So why am I writing about this? Because I think it is important to recognise the progress we all have made through the trials that life has thrown at us, and to acknowledge the emotions those experiences bring out. I have the classic case of internalisation: I generally do not acknowledge my feelings, let alone express them to other people. This can cause a multitude of issues, not limited to the act of numbing myself, self-isolating (which I think we have all done enough of this year) or using any means of distraction to avoid sitting alone with my own thoughts. It has come to my attention this year, that this is not the healthiest of habits, and that in order to progress in other areas of my life, I need to face these demons. How am I doing this? Well, conventional therapy has never seemed to work for me (however, I do highly recommend it as a starting point for anyone with a mental illness, or if you need someone to talk to), and after years of trying and failing different techniques (such as mindfulness, meditation and medication), I have gotten to a point in my life where I am just…over it? Over the constant, vicious cycle of depression and anxiety taking me over. I will admit here, though, that I have gotten to this ‘over it’ point in my life many times before. However this year it seems different. Maybe it’s the forced self-isolation from Coronavirus that finally pushed me, but I am making multiple conscious efforts to better myself in any way, shape or form, and not punishing myself if I fall back, or make a mistake, or you know, feel regret for my decisions.
So back to how I face my demons: I keep a journal every day, and I do not get upset if I miss an entry; I read, read, read and read whatever I want, in whatever order, whenever I can; I complete shadow work (I will explain this concept in a future blog, otherwise feel free to research this yourself), but most importantly, I let myself be. It sounds too simple to work, but it does. For me, at least. I let feelings course through me, and tell myself that they are temporary. I allow myself to feel and not feel guilty about it.

Regret is probably one of the hardest and more debilitating emotions to experience, simply because it trails with it a plethora of other feelings, memories, issues and more regrets. It compounds into a mountain where the top is barely visible in the stratosphere. This doesn’t mean it’s the end, or the beginning of the end. As someone who hadn’t written a word for several years, being able to write this much (and consistently) shows how much we can overcome, even if it takes us a little longer to realise it.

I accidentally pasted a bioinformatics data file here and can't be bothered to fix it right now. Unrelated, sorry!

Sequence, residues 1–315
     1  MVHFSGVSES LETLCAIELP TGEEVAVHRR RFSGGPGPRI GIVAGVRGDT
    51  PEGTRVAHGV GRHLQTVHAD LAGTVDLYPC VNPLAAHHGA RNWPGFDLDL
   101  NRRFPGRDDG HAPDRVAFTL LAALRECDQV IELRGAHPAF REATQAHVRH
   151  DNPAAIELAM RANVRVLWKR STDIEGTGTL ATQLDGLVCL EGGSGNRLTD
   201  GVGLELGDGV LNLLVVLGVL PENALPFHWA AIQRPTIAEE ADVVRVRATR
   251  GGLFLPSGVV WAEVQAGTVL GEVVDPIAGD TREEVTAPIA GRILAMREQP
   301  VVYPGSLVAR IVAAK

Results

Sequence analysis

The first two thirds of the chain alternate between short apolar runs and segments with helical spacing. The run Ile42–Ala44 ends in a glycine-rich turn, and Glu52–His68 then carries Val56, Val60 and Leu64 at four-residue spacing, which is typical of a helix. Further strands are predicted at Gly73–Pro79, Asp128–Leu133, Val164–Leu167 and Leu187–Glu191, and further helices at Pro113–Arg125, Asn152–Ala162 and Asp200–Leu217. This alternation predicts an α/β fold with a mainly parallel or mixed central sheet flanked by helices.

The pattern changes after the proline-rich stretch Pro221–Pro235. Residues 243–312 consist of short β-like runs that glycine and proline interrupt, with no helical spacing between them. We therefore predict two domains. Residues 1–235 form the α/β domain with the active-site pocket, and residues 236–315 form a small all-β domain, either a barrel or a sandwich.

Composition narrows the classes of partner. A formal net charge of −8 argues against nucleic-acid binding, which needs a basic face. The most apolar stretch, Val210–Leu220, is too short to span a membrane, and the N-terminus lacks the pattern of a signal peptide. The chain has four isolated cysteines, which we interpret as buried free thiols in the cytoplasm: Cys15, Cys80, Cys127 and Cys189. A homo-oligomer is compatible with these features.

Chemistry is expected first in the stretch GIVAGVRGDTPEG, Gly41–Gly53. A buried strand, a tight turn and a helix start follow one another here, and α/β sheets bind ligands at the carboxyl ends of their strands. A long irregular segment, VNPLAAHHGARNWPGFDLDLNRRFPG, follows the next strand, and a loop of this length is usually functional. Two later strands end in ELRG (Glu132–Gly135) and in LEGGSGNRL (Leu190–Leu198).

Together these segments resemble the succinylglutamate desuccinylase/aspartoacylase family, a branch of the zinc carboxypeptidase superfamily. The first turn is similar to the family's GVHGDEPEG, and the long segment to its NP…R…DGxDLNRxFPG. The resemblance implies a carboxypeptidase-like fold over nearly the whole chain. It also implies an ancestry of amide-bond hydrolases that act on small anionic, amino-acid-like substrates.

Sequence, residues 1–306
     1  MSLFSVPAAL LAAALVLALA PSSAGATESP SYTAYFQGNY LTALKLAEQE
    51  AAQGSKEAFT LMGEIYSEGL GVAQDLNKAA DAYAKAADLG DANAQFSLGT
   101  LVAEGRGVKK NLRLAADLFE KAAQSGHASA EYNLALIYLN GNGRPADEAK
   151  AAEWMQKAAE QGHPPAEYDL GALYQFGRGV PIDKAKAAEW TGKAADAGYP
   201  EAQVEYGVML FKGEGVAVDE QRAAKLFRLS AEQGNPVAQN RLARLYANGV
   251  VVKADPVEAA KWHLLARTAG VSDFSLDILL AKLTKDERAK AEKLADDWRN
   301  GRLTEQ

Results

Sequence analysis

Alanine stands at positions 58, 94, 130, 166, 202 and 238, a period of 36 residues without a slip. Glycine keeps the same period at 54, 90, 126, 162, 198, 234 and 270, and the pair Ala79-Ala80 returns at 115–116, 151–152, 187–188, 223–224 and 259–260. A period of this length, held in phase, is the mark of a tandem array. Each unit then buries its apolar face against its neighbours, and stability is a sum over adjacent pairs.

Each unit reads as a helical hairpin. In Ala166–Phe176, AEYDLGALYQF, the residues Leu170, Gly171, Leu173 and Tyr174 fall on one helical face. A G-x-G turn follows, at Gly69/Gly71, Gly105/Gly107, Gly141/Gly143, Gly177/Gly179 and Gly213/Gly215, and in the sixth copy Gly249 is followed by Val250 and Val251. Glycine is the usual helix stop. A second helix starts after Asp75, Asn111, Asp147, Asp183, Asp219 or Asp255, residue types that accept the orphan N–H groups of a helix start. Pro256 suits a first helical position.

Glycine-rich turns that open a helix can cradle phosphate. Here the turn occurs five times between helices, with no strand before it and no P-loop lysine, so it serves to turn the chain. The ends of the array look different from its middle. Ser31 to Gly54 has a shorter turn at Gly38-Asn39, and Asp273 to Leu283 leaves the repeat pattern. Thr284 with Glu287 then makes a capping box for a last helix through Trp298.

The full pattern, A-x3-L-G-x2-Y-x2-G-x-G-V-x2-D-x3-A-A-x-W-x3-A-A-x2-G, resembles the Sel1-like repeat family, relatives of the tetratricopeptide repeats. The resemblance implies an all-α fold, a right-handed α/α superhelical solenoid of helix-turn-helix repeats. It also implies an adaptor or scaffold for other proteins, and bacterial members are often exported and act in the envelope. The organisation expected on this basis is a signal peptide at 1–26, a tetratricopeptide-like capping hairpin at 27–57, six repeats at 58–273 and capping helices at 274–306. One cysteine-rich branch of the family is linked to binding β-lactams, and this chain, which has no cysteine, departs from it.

New Beginnings

I was once told by my literature teacher that those with a gift for writingor for any art formif they hone their talent they can produce amazing work that is marvelled. However, there are forces at play which will try to prevent this, and if the creator lets it, it will consume them and those creations along too.

This is what happened to me, and has been happening to me consistently over the years.

I have experienced my own fair amount of trauma, and I have struggled with my inner demons to the point we are at a stalemate. I keep wondering if it is worth the effort, clawing at this cage that was built by others yet maintained by myself, but then I remember why I do what I do, why I write.

It is as much for me as it is for you, and I would rather share my passion, my creations, instead of keeping them locked away in the depths of my mind; otherwise what will happened if they stay there? It will all fade over time, and there won’t be any remnants left to remember those ideas, those stories, those memories.

I refuse to let myself fade, and to let my negative thoughts consume my inspirational ones.

I have chose a pseudonym to commemorate my resurfacing to the world of the living (Andromeda Eve is definitely not my legal name), and I chose it because to me, it represents new beginnings, positive change, and the harnessing of my inner strength to design a life that I want to live, not how others want me to.

If there is anything I have learnt over the last ten years, it is this: you are the one who can manifest change, and you should not do it for the benefit of anyone but yourself.

I look forward to the journey ahead.

Andromeda Eve